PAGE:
The Clinical Maxim Preview

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BOOK REVIEW Review of The Twenty-four Hour Mind: The Role of Sleep and Dreaming in Our Emotional Lives by Rosalind Cartwright 224 pages Oxford University Press, USA; * edition (June 24, 2010) Patrick McNamara, Ph.D. T his is a book of many virtues. It gives us an insider look at the birth of the sleep medicine specialty. It provides, in clear entertaining, first person-prose a first rate primer on the latest {"indings in sleep science. It speaks with the voice of a mature, humane, sane, and brilliant clinician. Most impressively it lays out in convincing detail the argument for the theory of the 24 mind. That theory, as I understand it, suggests that selected regions of the mind/brain are active and functional 24 hours a day. The…show more content…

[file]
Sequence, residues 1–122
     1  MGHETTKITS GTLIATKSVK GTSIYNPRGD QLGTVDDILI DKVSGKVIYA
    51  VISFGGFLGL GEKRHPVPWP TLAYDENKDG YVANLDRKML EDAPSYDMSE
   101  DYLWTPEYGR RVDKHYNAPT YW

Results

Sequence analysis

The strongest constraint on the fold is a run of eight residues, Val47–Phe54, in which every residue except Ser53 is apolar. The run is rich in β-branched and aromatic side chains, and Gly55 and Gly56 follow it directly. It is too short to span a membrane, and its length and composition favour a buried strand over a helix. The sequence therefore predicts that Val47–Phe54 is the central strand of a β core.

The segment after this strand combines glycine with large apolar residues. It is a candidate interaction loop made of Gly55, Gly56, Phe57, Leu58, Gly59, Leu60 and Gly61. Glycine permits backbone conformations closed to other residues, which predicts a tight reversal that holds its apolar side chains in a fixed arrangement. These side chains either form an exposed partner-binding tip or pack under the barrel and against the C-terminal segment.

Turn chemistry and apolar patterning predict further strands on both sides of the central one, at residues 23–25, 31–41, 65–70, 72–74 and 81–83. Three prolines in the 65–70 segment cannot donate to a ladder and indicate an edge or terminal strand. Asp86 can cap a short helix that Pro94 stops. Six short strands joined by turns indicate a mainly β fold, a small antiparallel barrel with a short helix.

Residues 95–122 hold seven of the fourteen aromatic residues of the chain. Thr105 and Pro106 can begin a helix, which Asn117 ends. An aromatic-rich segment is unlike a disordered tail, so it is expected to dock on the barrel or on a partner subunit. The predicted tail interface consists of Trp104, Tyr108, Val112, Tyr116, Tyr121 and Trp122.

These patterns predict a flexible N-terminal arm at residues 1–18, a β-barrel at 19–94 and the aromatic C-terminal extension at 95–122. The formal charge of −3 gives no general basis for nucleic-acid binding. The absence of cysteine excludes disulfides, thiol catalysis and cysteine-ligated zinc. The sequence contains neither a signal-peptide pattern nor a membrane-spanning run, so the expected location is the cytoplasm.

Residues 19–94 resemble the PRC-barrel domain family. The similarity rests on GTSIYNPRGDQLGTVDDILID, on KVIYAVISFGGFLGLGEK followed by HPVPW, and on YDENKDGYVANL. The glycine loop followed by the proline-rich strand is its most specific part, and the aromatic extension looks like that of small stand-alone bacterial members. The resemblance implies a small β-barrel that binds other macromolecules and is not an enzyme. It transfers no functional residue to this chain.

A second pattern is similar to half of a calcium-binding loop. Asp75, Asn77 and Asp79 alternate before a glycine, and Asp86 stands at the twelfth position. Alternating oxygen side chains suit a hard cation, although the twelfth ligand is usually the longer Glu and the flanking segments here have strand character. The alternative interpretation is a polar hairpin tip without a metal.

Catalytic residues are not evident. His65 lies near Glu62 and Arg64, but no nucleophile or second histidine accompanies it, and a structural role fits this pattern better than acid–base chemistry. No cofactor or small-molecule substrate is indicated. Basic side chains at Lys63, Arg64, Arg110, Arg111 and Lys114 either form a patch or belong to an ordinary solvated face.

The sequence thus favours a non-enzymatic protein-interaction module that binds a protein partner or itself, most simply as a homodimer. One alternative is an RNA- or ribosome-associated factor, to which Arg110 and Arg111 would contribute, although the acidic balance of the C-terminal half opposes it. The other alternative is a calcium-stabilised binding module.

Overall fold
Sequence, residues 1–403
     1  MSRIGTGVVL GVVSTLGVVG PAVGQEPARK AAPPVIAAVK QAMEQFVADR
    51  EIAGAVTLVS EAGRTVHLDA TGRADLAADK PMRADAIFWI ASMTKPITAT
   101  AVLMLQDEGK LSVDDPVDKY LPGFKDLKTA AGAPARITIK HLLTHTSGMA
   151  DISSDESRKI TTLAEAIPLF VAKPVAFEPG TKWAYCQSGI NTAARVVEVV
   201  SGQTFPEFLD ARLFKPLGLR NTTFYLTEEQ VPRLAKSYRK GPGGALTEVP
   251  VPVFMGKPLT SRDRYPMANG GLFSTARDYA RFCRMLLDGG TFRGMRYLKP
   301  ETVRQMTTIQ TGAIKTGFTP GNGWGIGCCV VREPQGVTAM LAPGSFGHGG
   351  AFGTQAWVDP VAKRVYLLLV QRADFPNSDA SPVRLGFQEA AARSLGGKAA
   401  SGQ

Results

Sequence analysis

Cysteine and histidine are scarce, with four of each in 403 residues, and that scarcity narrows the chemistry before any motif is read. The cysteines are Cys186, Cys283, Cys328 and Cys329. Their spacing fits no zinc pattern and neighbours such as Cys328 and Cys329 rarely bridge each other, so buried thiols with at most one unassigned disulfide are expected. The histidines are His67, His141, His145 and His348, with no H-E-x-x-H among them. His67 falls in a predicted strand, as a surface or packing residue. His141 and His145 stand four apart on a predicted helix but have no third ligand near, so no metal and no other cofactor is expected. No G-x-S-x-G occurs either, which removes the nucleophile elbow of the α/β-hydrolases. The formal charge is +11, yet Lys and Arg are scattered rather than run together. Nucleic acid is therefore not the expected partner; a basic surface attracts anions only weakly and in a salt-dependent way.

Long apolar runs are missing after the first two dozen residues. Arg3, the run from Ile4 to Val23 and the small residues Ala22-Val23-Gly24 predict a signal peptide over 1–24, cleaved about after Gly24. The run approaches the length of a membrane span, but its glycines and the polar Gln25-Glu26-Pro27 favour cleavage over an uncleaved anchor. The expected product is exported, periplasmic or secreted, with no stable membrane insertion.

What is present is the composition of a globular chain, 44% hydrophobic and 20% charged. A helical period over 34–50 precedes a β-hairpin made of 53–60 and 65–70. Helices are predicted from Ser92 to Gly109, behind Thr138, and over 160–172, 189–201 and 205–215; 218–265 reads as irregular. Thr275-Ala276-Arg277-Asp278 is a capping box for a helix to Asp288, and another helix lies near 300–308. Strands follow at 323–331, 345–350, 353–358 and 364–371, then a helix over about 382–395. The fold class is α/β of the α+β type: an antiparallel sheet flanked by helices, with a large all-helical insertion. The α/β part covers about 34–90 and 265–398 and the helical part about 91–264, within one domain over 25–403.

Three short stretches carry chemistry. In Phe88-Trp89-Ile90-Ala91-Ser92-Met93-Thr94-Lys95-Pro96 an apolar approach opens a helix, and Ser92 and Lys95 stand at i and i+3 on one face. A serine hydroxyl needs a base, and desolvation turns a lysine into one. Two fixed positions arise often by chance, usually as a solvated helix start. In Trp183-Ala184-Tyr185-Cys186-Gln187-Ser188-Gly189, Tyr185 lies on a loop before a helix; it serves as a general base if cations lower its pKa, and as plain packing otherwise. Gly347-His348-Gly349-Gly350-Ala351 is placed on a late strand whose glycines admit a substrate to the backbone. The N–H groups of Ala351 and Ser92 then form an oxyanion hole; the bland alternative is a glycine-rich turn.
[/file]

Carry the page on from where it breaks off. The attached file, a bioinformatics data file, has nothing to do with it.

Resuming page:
After pushing the body into the pool Falater apparently went back into the house. Cartwright thinks Ealater went back into the house to go back to bed/sleep, just as most other sleepwalkers do unless they are awakened by a loud sound. The police called to the scene by the neighbor found Falater coming down the stairs from the bedroom and the body floating in the pool. One pities this family, especially the teenage children who were apparently asleep when all this happened but awoke to the father being led away in handcuffs and their mother brutally murdered. Falater was convicted of murder despite the defense's claim that the defendant has been sleepwalking. In the years that he has been in jail Falater sent Cartwright many of his dreams which she reproduces (with his permission) in an appendix of the book. The neuro-psychologic conditions under which this sort of violent tragedy can occur are laid out and extensively discussed by Cartwright. All apply to the Falater case. There is usually a Stressor in the patient's life that disrupts sleep. There is usually a history of sleepwalking and a family vulnerability to the disorder. The parasomnia usually occurs in the first part of the night in a NREM stage. After the event the patient is utterly amnestic for the episode and attempts no cover-up of the deed. There is grief, remorse and efforts to cooperate in the investigation. Cartwright sees it as an obligation of the scientist that when he or she has

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